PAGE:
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WGC BRIDGESTONE INVITATIONAL

August 2, 2014

Sergio Garcia

AKRON, OHIO

MICHAEL COLLINS:  Sergio, thanks for joining us, as always.  Give us your assessment of your eight‑hour day.
SERGIO GARCIA:  We thought we were going to have the afternoon off.
No, I think overall it was a good, solid day.  Felt like I played quite well.  Managed to hit a lot of greens.
A couple pulls after the restart, which I didn't particularly like.  Other than that, it was good.  Kept it together nicely, gave myself a lot of good birdie chances early on, probably for the first 12 holes or so, and then just a couple little mistakes, but it was good overall.

Q.  And tomorrow, obviously, a slight role reversal from Hoylake?
SERGIO GARCIA:  Yeah.  It's going to be nice.  Obviously, Rory is playing great, and we get along nicely as of right now.
I think we're both excited about it.  We're definitely going to play hard.  It will be nice to see if I can do the same thing he did to me a couple of weeks ago.  So we'll see.

Q.  I think two bogeys in 54 holes.  Have you ever had a stretch similar to this where it's just very clean golf?  I know it's hard, but you seem to make it‑‑ maybe not easy, but certainly playing very good golf.
SERGIO GARCIA:  Yeah, obviously very happy about that.  To be able to not make many mistakes on this golf course is always very positive.  It's something I'm very proud of, but it's still one more day to go.
I've got to keep doing the same thing, make sure that I have good confidence in myself, that I play nicely, and then see what happens.
If Rory comes out or whoever is behind us comes out and gets crazy like‑‑ kind of like I did on Friday, then it is what it is.  But hopefully, I'll be able to play well again and be all the way up there tomorrow afternoon.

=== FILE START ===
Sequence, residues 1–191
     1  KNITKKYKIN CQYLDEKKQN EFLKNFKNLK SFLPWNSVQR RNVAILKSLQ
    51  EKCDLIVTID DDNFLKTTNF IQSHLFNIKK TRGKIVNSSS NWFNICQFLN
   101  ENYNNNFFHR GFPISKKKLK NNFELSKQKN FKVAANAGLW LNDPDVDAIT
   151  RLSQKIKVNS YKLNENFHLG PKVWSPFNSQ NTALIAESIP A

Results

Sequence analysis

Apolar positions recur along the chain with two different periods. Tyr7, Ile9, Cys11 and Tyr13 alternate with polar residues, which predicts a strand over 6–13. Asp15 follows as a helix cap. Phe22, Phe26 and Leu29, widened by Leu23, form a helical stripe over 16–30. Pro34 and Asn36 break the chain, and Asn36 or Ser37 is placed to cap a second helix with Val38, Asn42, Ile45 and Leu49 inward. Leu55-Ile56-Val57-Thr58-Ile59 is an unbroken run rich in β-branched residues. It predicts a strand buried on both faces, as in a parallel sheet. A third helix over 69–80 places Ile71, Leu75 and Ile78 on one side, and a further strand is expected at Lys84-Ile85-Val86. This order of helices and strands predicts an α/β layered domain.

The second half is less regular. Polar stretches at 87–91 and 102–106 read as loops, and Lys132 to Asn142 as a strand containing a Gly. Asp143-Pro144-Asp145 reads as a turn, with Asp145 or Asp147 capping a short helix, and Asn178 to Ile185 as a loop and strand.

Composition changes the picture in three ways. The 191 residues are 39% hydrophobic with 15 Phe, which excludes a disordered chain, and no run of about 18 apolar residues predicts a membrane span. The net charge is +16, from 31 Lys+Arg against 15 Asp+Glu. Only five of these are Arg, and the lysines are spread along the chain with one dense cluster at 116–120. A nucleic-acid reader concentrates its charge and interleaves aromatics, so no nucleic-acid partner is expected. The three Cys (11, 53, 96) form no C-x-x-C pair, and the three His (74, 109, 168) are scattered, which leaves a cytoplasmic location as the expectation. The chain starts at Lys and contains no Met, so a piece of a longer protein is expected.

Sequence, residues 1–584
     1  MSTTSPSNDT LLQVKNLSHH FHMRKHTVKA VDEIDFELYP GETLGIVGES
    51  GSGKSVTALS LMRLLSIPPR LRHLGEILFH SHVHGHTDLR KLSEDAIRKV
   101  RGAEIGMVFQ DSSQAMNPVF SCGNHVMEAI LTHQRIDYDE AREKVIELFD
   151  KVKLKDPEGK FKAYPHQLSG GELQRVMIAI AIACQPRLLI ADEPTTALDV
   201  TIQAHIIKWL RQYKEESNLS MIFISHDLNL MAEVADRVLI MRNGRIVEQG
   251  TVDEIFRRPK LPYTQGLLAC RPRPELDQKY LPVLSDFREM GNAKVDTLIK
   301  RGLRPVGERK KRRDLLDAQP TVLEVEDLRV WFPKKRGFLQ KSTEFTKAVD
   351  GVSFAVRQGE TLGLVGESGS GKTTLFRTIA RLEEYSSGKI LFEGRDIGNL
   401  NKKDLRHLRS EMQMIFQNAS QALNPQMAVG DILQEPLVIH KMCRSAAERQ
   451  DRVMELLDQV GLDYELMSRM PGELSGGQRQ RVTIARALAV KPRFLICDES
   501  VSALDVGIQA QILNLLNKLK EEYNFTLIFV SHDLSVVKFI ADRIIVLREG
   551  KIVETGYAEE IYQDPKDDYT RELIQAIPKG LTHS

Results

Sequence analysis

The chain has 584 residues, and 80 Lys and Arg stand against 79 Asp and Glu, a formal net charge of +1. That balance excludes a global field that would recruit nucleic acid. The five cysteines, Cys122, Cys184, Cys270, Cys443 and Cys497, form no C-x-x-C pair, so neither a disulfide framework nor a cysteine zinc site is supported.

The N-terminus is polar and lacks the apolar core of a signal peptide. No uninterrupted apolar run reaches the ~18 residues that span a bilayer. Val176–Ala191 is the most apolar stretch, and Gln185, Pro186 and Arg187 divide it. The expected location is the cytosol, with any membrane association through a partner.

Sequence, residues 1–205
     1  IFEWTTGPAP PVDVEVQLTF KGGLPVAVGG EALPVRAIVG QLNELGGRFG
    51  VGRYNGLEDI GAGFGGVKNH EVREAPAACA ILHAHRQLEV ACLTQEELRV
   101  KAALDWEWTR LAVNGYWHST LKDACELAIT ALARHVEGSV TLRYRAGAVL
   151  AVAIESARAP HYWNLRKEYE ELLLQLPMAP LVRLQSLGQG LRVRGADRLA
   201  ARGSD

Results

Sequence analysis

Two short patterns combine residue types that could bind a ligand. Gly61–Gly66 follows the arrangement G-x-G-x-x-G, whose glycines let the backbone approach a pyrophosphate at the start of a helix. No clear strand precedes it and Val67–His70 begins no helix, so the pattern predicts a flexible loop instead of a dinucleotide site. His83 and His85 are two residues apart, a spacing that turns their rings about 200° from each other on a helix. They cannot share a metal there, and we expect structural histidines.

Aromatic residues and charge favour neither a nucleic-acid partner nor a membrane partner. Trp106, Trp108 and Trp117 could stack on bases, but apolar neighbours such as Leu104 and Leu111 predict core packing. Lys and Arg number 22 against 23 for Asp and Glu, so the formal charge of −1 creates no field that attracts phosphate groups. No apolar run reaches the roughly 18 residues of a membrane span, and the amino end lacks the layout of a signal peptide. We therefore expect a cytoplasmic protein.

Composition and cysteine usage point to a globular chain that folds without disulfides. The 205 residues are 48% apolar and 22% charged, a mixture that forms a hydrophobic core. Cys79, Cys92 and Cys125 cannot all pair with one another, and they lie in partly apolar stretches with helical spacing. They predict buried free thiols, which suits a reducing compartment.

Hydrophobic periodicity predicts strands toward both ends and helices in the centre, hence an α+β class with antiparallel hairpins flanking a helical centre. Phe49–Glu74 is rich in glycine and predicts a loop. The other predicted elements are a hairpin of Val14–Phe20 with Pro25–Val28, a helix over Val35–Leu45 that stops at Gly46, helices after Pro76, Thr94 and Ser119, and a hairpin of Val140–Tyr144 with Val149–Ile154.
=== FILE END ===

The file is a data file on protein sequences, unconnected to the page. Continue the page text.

Q.  Of the three shots you had out of the left rough on 16, 17, and 18, which one was the most difficult?  I wonder if you could speak to the importance of pars, just to keep somewhat of a margin going into tomorrow.
SERGIO GARCIA:  They're all different.  16 was only a wedge, but it was tough because you don't want to blast it over the green, and after the rain and everything, the rough was quite heavy.  So the ball was coming out a little bit softer.  There was always a danger of coming up a little bit short.
But I managed to hit a good shot there.  Hit a great putt.  Thought I made that one, but unfortunately I didn't.
The one on 17, it was a little bit thicker with the 8 iron.  I was happy to be able to hit it on the green and give myself a birdie chance.
And the one on 18 was probably the most difficult, obviously, to hit it close, it was impossible because I had a tree in front that I couldn't get around.  I think we only had like 143 yards or something like that.  I had like a wide open face 7 iron trying to cut it a little bit and hit it on that second bunker.  Where I hit it, I couldn't really do much more than that and hope to make a good two‑putt or a good up and down.
So probably the one on 18 is the one that felt the best because it was probably the toughest to make par on.

Q.  Sergio, this year we've seen a lot of big 54‑hole leads on the PGA Tour, and the person in the lead usually comes back to the field a little bit on Sunday even if they end up winning.  What makes it tough to have a lead by three shots or more?  What's tough about the mentality?
SERGIO GARCIA:  I don't know.  I guess it depends on how you feel.  Obviously, it's important to stay aggressive like you've been all week.
At the end of the day, it comes down to being able to do what you've been doing and hit the shots.  So if you manage to do that, then you should be okay.  If not, then you have to play with whatever you have and try to stay in front at any case.

Q.  Sergio, you're coming off those 11 one‑putts yesterday, and then you have the 9‑footer at 1, and it doesn't go in.  Do you just tell yourself, okay, yesterday was such an anomaly?  How do you keep yourself from not expecting every putt to go in and getting disappointed when they don't?
SERGIO GARCIA:  No.  I hit a good putt on the 1st.  I thought it was going to go a little left to right.  Unfortunately, it didn't.  It's one of those things.  There's days where you feel it where you can see every single line like I did yesterday.  Yesterday even the tricky putts, I could see the lines.  Today I saw some of them, but not all of them.
Some of them, it looks like maybe a little bit left to right, but it might not break.  And then I wasn't kind of judging them as well as yesterday.
But it's difficult to do, obviously, what I did yesterday.  It's difficult to do it.  I mean, to do it again.  Forget about doing it back to back.
So I still felt like I played nicely.  I hit a lot of greens today, which was important to kind of settle myself.  I didn't feel like I putted badly.  I still made some good two‑putts from long range and made a couple nice birdie putts here and there.